Analytics on user interactions with Matomo

by Sarah Scott

The idea of web analytics is not new or revolutionary. In the 1990’s nearly every website had a hit counter, an odometer-style counter at the bottom of the page. That was the very beginning of web analytics, simply counting the number of page views a website has had. However, the world of web development has changed substantially over the last 20 years, one of the biggest changes being the wide spread use of JavaScript, which allows us to build functionality into our applications. This means that users now interact with dynamic applications, they no longer just view pages of content, but engage with that content. And of course, web analytics has kept up with these changes, allowing us to record and measure how visitors interact with our site and not just the number of page views.

At Catalyst we fly the open source flag high and use open source tools where ever possible, which is why our analytics tool of choice is Matomo. Matomo is an open source web analytics application that not only allows us to track all of the things you would expect from a web analytics tool, but also allows us to capture user interactions, by defining what we want to track, and how we want to do that.

Going beyond page view analytics

Recently, we employed this idea of measuring user interactions on SmartStart, a website for expectant and new parents. As we built out the functionality, we included the code that would tell Matomo that something had happened on the site. For example, when we created an accordion, an area of content that either expands or closes depending on the user interaction, we also created an object, called an 'Event’' that is sent to Matomo via an API. It records which accordion has been opened. By recording these types of user interactions, plus many others, we can start to tell a story about how our users are actually using SmartStart and not just which pages they are visiting.

We have used this data to analyse the user experience of SmartStart and have started to notice some interesting behaviour. The welcome page of SmartStart contains a lot of information, everything from advice on finding a midwife, right through to advice on paying for childcare, and it is displayed in one big scrollable time line. By monitoring user interactions, we can start to see if everyone is actually getting all the information available to them on this one page.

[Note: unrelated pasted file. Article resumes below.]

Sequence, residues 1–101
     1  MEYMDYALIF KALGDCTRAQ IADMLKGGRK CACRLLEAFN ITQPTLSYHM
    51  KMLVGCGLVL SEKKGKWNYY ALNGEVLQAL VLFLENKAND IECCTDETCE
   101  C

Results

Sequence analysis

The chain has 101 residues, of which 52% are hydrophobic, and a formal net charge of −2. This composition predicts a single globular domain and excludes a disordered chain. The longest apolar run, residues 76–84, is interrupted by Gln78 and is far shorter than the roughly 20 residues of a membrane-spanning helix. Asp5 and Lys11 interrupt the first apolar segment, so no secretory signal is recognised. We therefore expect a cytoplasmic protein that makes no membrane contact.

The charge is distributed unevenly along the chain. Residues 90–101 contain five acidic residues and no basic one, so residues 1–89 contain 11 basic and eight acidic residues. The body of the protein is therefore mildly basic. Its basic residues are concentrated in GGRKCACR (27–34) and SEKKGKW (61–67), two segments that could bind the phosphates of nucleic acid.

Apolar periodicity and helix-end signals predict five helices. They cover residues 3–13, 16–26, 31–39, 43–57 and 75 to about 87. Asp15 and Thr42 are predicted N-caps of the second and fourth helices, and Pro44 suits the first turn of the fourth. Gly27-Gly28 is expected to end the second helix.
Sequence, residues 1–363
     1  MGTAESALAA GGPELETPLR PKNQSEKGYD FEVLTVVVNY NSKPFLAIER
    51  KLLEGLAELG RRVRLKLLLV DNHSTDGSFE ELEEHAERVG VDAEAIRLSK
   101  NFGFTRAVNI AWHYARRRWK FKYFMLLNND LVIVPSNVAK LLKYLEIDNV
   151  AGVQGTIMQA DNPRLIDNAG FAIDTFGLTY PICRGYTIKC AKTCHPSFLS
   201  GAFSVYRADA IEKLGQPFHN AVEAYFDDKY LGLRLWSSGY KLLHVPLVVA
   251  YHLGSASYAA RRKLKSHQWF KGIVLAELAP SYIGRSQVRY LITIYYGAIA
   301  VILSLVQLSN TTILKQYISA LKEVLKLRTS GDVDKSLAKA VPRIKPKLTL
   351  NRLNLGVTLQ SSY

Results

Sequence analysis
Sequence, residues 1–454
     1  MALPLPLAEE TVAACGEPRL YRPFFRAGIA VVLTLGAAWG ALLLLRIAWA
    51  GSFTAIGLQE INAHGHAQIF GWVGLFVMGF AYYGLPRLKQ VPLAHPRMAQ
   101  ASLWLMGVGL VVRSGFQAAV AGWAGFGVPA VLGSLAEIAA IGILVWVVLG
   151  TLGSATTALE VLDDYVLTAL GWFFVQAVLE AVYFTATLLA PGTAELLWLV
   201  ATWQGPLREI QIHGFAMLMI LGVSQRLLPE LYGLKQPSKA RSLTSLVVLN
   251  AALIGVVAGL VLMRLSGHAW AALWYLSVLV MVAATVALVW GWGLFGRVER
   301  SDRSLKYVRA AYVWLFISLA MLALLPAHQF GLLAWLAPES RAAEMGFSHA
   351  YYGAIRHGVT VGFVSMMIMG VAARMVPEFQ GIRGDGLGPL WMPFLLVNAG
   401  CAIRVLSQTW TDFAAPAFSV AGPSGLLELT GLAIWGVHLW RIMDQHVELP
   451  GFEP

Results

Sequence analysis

One of the data points we looked at was the number of times an accordion at the top of the page was opened versus an accordion at the bottom of the page. The below images show the difference: during the same time period an accordion at the top of the page, entitled “Becoming a dad”, was opened 1,028 times, while an accordion at the bottom, entitled “20 hours free early childhood education”, which you would assume would be sought after information, was opened only 93 times.

List of events that were clicked most

List of events that were clicked fewest

And if we look at the journey of a user who did open the “20 hours free early childhood education” accordion, we can see it took them one hour and forty-five minutes to get there, and they did by looking at nearly everything on the page.

List of actions a person took on the site

These two pieces of information start to suggest that only our most persistent, or perhaps worried, website visitors are finding all the information available to them. It is important to note here that these assumptions need to be followed up with user research. Simply collecting data will never tell the whole story of a person's experience, but it is useful to start a discussion.

Surprising findings

We have also built navigation tools into the welcome page to help our site visitors find relevant information. This is done in the form of a button labelled “Find and use services” that will take them to different parts of the welcome page, depending on what information they are after. We attached a Matomo event to this button to track if people were using it, which people were not.

We then changed the button to “Go to stage”, updated the analytics accordingly, and were able to track the efficacy of this change. The below image shows that simply updating the label of the button did not increase its use. Our change was not effective, which is disappointing but is still really useful information. We now know that we need to make some more fundamental changes to the navigation than simply changing the text on the button.

Comparison graph

Web analytics to support UX research

Having data about how people interact with SmartStart has been invaluable in helping us and our client make decisions about the future direction of SmartStart. We can see what information people are looking for, how long it takes them to find that information, and what tools they use or do not use.

Of course, web analytic tools are constantly evolving, and we now have access to plugins that can help us delve ever deeper into how people actually use our sites. These plugins include things like heatmaps, session recording, and A/B testing, all of which are available via Matomo. We will be making use of these in the future, as well as those already discussed. Being able to see how real people navigate and interact with SmartStart helps us improve the application and develop it along the needs of expectant and new parents in Aotearoa.